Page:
Wow.. Lots to chew on especially wrt fueling in Mexico or Canada.  Neither of which I will likely be doing in the near future.  However, another good point is brought up.  That is.... Would it also make a difference on whether a person is fueling (Diesel) from a marine fuel dock or filling up a 5 gallon jug from a local auto/truck filling station.  Is there a difference in in-line filtering from the pump? 
This is all probably a moot point especially considering our tighter than tight regulations concerning all things Petroleum here in California, but interesting non-the less.  :abd:
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The sail, the play of its pulse so like our own lives: so thin and yet so full of life, so noiseless when it labors hardest, so noisy and impatient when least effective.
~Henry David Thoreau

Stu Jackson

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Re: Speaking of filters
« Reply #6 on: July 14, 2011, 08:55:56 AM »

Not to worry, Steve, we're rapidly catching up, er, down.

Maybe Enviro Canada will buy all of you Super Siphons.  :D
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Stu Jackson, C34 IA Secretary, #224 1986, "Aquavite"  Cowichan Bay, BC  Maple Bay Marina  SR/FK, M25, Rocna 10 (22#) (NZ model)

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Michael Shaner

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Re: Speaking of filters
« Reply #7 on: July 14, 2011, 09:07:05 AM »

Kevin,

I'm told perhaps the most notable difference between the fuel dock and the truck stop is high sulfur (off road) vs. low sulfur (over the road) diesel. Your auxillary would much prefer the added lubricity of the off road diesel. Wait a minute...can you guys still get the good diesel in California or does one have to go to Mexico??  :D
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Stu Jackson

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Re: Speaking of filters
« Reply #8 on: July 14, 2011, 09:14:34 AM »

Yup, just to get good, clean fuel.   :D :D :D
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Stu Jackson, C34 IA Secretary, #224 1986, "Aquavite"  Cowichan Bay, BC  Maple Bay Marina  SR/FK, M25, Rocna 10 (22#) (NZ model)

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Ralph Masters

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Re: Speaking of filters
« Reply #9 on: July 14, 2011, 10:08:27 AM »

If you're worried about the lubercity of the fuel, make sure you get #2 diesel.  As for sulphur, California has regulated that right out of the fuel.  The funnels with those screens and filters in them are good if you are in Mexico and worried about the rocks and shale they have in their fuel, (the tanks are above ground cause they can't get good help to bury them).  Oh, wait, the shale would be from Canada, note the last two letters there, da.......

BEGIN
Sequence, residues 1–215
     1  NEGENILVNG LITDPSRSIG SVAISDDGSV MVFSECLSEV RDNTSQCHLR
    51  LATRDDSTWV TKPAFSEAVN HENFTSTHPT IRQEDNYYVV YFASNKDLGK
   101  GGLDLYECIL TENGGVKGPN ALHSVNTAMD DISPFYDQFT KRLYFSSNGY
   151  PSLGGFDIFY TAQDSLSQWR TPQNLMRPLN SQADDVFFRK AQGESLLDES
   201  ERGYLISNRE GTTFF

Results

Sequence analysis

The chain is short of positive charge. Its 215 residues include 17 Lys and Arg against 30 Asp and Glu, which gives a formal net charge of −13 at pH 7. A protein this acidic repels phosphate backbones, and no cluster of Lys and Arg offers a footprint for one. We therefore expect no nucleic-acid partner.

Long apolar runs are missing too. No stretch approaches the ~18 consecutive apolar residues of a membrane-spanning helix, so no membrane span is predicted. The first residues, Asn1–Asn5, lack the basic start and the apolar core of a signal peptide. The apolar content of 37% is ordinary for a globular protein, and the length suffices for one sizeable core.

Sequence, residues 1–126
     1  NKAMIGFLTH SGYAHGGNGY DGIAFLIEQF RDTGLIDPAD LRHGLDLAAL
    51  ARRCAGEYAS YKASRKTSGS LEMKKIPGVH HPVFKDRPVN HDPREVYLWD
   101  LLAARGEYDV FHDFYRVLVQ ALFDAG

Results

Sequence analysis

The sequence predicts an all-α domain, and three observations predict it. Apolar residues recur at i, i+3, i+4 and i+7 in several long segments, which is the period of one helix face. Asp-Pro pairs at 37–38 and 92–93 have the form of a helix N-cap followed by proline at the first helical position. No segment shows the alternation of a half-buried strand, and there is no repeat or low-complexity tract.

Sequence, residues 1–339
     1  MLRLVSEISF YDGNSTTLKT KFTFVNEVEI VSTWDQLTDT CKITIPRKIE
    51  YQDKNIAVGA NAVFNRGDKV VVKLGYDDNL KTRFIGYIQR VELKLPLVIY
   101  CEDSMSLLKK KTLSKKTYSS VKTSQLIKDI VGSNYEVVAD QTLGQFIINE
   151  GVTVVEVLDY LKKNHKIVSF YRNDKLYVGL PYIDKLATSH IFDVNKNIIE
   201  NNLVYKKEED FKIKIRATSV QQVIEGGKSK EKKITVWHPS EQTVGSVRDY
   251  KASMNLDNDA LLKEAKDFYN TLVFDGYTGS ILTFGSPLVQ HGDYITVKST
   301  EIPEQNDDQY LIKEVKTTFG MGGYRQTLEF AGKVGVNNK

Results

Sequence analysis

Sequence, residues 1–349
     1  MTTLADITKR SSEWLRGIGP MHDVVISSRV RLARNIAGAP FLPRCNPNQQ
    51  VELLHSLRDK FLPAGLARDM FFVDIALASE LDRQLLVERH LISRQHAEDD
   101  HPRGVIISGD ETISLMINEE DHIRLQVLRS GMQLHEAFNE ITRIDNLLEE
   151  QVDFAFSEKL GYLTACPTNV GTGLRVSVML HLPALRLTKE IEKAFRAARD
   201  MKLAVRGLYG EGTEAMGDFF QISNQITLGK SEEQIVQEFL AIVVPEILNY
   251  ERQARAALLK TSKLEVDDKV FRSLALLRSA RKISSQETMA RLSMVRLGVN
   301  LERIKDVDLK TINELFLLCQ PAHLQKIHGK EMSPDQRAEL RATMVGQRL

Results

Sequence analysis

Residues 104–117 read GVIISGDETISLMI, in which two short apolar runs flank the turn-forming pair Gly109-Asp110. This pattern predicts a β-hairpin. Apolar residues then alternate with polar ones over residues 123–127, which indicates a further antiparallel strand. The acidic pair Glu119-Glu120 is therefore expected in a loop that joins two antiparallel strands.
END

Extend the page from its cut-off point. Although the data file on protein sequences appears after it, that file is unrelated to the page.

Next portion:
Really as little fuel as we use if it makes you feel better using the filter funnel have at it. 

Ralph
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Mike and Joanne Stimmler

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Re: Speaking of filters
« Reply #10 on: July 14, 2011, 03:52:20 PM »

Steve I agree with you about Mexico. I recently flew down to LaPaz to help bring a Erickson 380 back to San Diego and all the fuel facilities we came in contact with were first rate, even the guys in the pangas at Turtle Bay delivered quality fuel. BTW, the sailing in and around LaPaz was great but the bash up the coast was "interesting" to say the least. My bunk was in the v-birth and I learned to sleep in mid air.
 I must admit that I have never got fuel in Canada but I'll just have to remember to bring the Baja filter if I ever do.
The problem with the ones sold at WM is that when you are done fueling, you have a few ounces of fuel left in the bottom that you have to get rid of. I took mine back.

Mike
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Terry Forshier

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Re: Speaking of filters
« Reply #11 on: July 14, 2011, 04:24:17 PM »

I have used one of the WM funnel filters for years. cheap insurance and no fuel problems.I carry fuel in 5 gal jugs to my boat in my backyard and try to go to active diesel fuel stations. (I also shop price) So you never know what is in the tank.  When fueling at a marina here I do not carry the funnel.
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Ron Hill

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Re: Speaking of filters
« Reply #12 on: July 15, 2011, 06:33:13 PM »

Kevin : I purchased one of the WM filters years ago.  Never have used it, because I only buy marine diesel (red dyed off road) with hi sulphur content for my new engine  - none of the local gas station low sulphur diesel for that new engine!!  I only purchase diesel from a known high volume marina.  I'm not penny foolish when it comes to that engine.

I keep that funnel/filter on-board as a "just in case".  My thoughts